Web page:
This study found that the overall cost to the health service per patient for 3 months of treatment was €260.68 for VKA therapy compared to €273.3 for Rivaroxaban therapy. The cost of labour per patient, per each anticoagulation clinic attended, was €8.61. Patients on Warfarin attended, on average, 14.58 times, which costed a total of €125.58 per patient. Patients on Rivaroxaban attended, on average, 2.92 times, which costed a total of €25.14 per patient. In terms of drug costs, each patient on warfarin cost a total of €87.76 ( cost of 3 month supply of warfarin and 11.68 day supply of Tinsaparin); each patient on Rivaroxaban cost €240.43 (3 month supply).

The Warfarin (and overall figures), do not include the cost to the patient of these multiple clinic visits such as transport, parking, and days off work.




For the 24 control patients, 285 INR results were recorded in our hospital over the three months of their therapy. Upon analysis of these, we found that 65.3 % (186/ 285) were within the clinically therapeutic range of 2.0- 3.0, 16.5 % (47/285) were supratherapeutic, and 18.2% (52/285) were subtherapeutic. However, there were no recurrences of thrombosis nor significant bleeding complications in either the VKA patients or the Rivaroxaban patients


Patients being treated for provoked DVT with Rivaroxaban had similar overall costs to Warfarin for the Irish Health care system (€260.73 in the VKA group versus €273.30 in the Rivaroxaban group). Although the cost of Warfarin itself is low, additional costs, including the co-prescribing of low molecular weight heparin and intensive INR monitoring via outpatient phlebotomy clinics (mean 14.58 in the VKA group versus 2.93 in the Rivaroxaban group), are considerable. The funding and prescribing of the newer direct oral anticoagulants remains a topic of interest worldwide. Recent studies undertaken in a number of different countries have set out to compare DOACs with traditional VKAs and these have, for the most part, shown the cost effectiveness of DOACs over VKAs. The majority of these studies have looked at the use of anticoagulants for treatment of chronic atrial fibrillation4, 5, 6 with fewer investigating in DVT.7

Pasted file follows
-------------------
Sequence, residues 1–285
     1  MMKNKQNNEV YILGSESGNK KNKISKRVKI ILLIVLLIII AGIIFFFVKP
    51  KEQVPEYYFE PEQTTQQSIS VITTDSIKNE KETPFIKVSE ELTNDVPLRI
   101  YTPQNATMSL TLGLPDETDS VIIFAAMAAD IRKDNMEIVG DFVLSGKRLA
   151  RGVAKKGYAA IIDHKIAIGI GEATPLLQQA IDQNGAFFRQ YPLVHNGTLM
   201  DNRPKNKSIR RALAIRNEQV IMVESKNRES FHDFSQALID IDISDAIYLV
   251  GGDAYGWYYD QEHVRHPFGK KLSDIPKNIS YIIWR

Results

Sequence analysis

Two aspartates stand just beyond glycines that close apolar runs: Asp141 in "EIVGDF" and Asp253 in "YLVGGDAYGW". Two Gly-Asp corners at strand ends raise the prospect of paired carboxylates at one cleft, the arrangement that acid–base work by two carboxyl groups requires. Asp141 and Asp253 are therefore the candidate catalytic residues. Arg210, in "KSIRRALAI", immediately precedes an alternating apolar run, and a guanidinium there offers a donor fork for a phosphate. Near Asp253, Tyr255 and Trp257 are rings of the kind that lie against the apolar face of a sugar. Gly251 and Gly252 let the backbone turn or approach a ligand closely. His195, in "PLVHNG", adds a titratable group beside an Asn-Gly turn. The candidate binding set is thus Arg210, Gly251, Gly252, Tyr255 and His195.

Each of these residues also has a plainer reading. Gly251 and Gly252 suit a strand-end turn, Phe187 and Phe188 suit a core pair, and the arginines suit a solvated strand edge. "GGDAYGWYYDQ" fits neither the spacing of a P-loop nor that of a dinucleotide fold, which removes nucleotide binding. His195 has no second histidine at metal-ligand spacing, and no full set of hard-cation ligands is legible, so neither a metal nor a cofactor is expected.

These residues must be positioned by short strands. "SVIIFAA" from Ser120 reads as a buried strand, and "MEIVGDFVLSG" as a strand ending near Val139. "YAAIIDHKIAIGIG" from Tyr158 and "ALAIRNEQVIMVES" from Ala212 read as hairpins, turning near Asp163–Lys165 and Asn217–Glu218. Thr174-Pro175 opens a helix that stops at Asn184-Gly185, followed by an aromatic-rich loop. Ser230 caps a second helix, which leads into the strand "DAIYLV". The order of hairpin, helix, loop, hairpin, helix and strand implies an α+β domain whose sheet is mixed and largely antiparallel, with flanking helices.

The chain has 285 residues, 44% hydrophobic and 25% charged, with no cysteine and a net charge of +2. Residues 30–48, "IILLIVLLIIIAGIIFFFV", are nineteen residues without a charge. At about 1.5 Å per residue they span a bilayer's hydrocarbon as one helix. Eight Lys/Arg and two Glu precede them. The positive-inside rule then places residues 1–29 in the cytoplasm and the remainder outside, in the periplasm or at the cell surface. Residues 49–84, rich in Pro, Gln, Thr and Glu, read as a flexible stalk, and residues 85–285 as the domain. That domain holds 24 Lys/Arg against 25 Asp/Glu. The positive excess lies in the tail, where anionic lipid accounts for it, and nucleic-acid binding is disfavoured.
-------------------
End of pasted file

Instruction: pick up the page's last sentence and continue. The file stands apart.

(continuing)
This study indicates that in the setting of provoked DVT, with a predefined period of anticoagulation, Rivaroxaban is cost effective when compared to Warfarin in the Irish Healthcare system. This is primarily due to the fact that patients on warfarin require multiple visits to stabilise the INR particularly at the beginning of Warfarin treatment. This additional cost and burden on the patient must be taken into account by health systems when considering the most appropriate anticoagulant to use in this setting. Furthermore, a significant number of INR readings were outside of the therapeutic window despite being monitored in a specialist anticoagulation clinic. This is consistent with previous studies into INR control of patients on VKAs for atrial fibrillation8. The number of patients in our trial is too small to indicate whether this variable anticoagulation with warfarin affects outcome but previous studies have shown that the DOACs are safer with regard to major bleeding risk.

We did not analyse the cost of anticoagulation to the patients in our study. Previous studies which have quantified the cost of VKA therapy to the patient have calculated that the cost to a patient, when transport, parking and time off work are considered, is €48.509. Over a three month period, VKA patients in our trial will pay this amount 14.58 times causing them a significant financial cost when compared to Rivaroxaban patients who will only attend 2.92 times. We conclude that Rivaroxaban is cost effective compared to warfarin in patients requiring three months of anticoagulation for a provoked DVT in the Irish healthcare system.


Conflict of Interest

There is no conflict of interest with any of the authors associated with this paper.



William Courtney

Department of Haematology, University Hospital Limerick, Dooradoyle, Limerick,